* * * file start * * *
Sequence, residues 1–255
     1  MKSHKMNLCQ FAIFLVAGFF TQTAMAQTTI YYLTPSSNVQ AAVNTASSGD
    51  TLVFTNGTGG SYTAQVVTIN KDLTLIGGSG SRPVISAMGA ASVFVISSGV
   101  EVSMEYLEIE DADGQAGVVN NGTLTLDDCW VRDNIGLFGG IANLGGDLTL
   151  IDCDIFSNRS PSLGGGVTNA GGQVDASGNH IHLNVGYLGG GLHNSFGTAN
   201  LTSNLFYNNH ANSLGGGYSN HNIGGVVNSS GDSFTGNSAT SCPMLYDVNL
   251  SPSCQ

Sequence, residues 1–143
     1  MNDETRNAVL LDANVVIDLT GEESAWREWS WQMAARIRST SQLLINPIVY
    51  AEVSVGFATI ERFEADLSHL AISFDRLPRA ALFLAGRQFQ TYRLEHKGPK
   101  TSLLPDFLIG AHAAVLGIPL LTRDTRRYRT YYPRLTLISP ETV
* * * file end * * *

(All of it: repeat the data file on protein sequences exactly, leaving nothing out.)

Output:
Sequence, residues 1–255
     1  MKSHKMNLCQ FAIFLVAGFF TQTAMAQTTI YYLTPSSNVQ AAVNTASSGD
    51  TLVFTNGTGG SYTAQVVTIN KDLTLIGGSG SRPVISAMGA ASVFVISSGV
   101  EVSMEYLEIE DADGQAGVVN NGTLTLDDCW VRDNIGLFGG IANLGGDLTL
   151  IDCDIFSNRS PSLGGGVTNA GGQVDASGNH IHLNVGYLGG GLHNSFGTAN
   201  LTSNLFYNNH ANSLGGGYSN HNIGGVVNSS GDSFTGNSAT SCPMLYDVNL
   251  SPSCQ

Sequence, residues 1–143
     1  MNDETRNAVL LDANVVIDLT GEESAWREWS WQMAARIRST SQLLINPIVY
    51  AEVSVGFATI ERFEADLSHL AISFDRLPRA ALFLAGRQFQ TYRLEHKGPK
   101  TSLLPDFLIG AHAAVLGIPL LTRDTRRYRT YYPRLTLISP ETV